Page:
Amiens to meet Jules Verne, himself. He wished her luck, saying, “If you do it in seventy-nine days, I shall applaud with both hands.”

Bly writes:

“Lose it? I don’t understand. What do you mean?” I demanded, beginning to think he was mad.

“Aren’t you having a race around the world?” he asked, as if he thought I was not Nellie Bly.

“Yes; quite right. I am running a race with Time,” I replied.

“Time? I don’t think that’s her name.”

“Her! Her!!” I repeated, thinking, “Poor fellow, he is quite unbalanced,” and wondering if I dared wink at the doctor to suggest to him the advisability of our making good our escape.

“Yes, the other woman; she is going to win. She left here three days ago.”

I am not racing with anyone. I would not race. If someone else wants to do the trip in less time, that is their concern. If they take it upon themselves to race against me, it is their lookout that they succeed. I am not racing. I promised to do the trip in seventy-five days, and I will do it; although had I been permitted to make the trip when I first proposed it over a year ago, I should then have done it in sixty days.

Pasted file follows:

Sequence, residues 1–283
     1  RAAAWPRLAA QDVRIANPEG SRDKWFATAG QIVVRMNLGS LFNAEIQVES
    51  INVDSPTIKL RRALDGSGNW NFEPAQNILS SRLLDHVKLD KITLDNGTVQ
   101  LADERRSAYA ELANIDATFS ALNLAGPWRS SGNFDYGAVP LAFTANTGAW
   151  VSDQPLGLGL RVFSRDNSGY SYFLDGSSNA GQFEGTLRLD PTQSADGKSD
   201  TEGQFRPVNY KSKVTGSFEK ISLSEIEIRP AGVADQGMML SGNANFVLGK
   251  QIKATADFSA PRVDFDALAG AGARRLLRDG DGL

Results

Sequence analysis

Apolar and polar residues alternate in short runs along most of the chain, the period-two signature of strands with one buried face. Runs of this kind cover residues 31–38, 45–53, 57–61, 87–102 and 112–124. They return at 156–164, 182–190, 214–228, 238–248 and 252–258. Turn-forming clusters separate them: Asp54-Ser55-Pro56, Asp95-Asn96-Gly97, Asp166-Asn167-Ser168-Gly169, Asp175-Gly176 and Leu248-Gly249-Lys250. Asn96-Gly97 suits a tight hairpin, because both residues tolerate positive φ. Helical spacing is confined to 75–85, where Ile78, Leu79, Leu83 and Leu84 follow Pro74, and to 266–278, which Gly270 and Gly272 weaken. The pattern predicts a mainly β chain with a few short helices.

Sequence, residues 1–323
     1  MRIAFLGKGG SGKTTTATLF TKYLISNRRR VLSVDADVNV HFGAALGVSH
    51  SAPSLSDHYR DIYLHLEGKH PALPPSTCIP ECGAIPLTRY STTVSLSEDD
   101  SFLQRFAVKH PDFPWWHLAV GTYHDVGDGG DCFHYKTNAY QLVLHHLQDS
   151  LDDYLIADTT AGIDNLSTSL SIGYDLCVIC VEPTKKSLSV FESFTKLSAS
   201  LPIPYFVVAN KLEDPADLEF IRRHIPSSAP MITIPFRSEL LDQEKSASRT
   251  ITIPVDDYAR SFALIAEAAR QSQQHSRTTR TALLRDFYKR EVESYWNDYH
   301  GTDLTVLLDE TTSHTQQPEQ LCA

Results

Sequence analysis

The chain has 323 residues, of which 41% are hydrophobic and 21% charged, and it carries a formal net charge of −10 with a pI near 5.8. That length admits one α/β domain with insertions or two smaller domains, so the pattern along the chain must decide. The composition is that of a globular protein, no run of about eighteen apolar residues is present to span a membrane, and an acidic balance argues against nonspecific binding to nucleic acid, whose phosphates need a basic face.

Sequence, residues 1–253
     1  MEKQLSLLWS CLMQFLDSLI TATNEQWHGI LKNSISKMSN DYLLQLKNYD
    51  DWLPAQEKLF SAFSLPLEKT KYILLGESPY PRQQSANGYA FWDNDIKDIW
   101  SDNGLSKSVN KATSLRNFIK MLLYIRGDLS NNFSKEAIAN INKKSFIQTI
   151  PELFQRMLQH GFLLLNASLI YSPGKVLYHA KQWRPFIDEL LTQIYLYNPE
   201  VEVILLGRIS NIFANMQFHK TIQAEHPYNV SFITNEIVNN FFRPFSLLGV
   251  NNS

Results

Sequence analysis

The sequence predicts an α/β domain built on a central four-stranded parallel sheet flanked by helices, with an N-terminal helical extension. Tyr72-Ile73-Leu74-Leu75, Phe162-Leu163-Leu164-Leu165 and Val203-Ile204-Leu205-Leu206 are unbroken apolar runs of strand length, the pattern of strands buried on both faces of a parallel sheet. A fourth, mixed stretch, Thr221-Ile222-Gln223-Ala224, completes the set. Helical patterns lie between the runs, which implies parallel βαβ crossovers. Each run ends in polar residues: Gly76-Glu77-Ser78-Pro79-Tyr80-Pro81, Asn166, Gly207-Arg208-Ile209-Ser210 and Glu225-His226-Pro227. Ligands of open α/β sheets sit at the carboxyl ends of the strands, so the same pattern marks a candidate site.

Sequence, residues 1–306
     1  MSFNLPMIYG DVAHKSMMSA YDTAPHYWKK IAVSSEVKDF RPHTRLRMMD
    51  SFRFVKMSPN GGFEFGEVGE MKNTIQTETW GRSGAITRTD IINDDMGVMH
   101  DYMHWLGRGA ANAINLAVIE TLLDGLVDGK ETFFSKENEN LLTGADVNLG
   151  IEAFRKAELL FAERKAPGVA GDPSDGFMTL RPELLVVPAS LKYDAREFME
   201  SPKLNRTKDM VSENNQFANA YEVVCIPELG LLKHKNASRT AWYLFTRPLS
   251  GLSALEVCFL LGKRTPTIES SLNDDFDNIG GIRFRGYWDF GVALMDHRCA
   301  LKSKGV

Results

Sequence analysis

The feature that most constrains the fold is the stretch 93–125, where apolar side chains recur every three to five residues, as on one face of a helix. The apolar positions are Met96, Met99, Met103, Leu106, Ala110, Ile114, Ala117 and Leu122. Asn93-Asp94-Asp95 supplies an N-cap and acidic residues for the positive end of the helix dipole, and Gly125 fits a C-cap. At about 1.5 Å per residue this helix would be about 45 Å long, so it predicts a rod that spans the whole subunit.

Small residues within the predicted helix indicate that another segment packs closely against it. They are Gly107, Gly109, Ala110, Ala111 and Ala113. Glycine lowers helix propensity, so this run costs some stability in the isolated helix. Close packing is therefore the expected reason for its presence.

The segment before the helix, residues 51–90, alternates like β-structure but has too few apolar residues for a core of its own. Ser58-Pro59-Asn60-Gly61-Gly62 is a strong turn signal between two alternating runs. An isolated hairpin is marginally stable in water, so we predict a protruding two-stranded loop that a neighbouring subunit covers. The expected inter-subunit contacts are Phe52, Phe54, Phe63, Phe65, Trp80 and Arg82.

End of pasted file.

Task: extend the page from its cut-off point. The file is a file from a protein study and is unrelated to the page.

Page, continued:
Podcast Sources:

“Champion of Her Sex,” New York Sunday World, 2 February 1896, p. 10.

“The Life of Isabella Bird”. The Spectator. London: 6. 26 January 1907.

Bear, David. “Around the World With Nellie Bly.” Pittsburgh Post-Gazette, November 26, 2006

Bird, Isabella (1883). The Golden Chersonese and the Way Thither. Archived from the original on 1 July 2012.

Bird, I. L., Ireland, D., & Gardner, R. (2015). Isabella Bird: A photographic journal of travels through China 1894-1896. Lewes, East Sussex, United Kingdom: Ammonite Press.

Foulkes, Debbie (April 5, 2010). “Annie Kopchovsky Londonderry (1870? – 1947) Rode A Bicycle Around the World”

Kroeger, Brooke. Nellie Bly – Daredevil, Reporter, Feminist. Times Books Random House, 1994

Macy, Sue (2011). Wheels of Change: How Women Rode the Bicycle to Freedom (with a Few Flat Tires Along the Way). Washington, D.C.: National Geographic Children’s Books. pp. 67–69.

Miss Londonderry’s Trip Ended”. New York Times. September 25, 1895

Ogilvie, Marilyn Bailey (1986). Women in science: antiquity through the nineteenth century: a biographical dictionary with annotated bibliography(Reprint. ed.). Cambridge, Mass.: MIT Press

Kroeger, Brooke. Nellie Bly – Daredevil, Reporter, Feminist. Times Books Random House, 1994

Ruddick, Nicholas. “Nellie Bly, Jules Verne, and the World on the Threshold of the American Age.” Canadian Review of American Studies, Volume 29, Number 1, 1999, p. 5

Zheutlin, Peter (2007). Around the World on Two Wheels: Annie Londonderry’s Extraordinary Ride. New York: Citadel.

Zheutlin, Peter. “Chasing Annie: The Woman Who Changed My Life Was Brave, Cunning, Daring And Free — And I Never Met Her”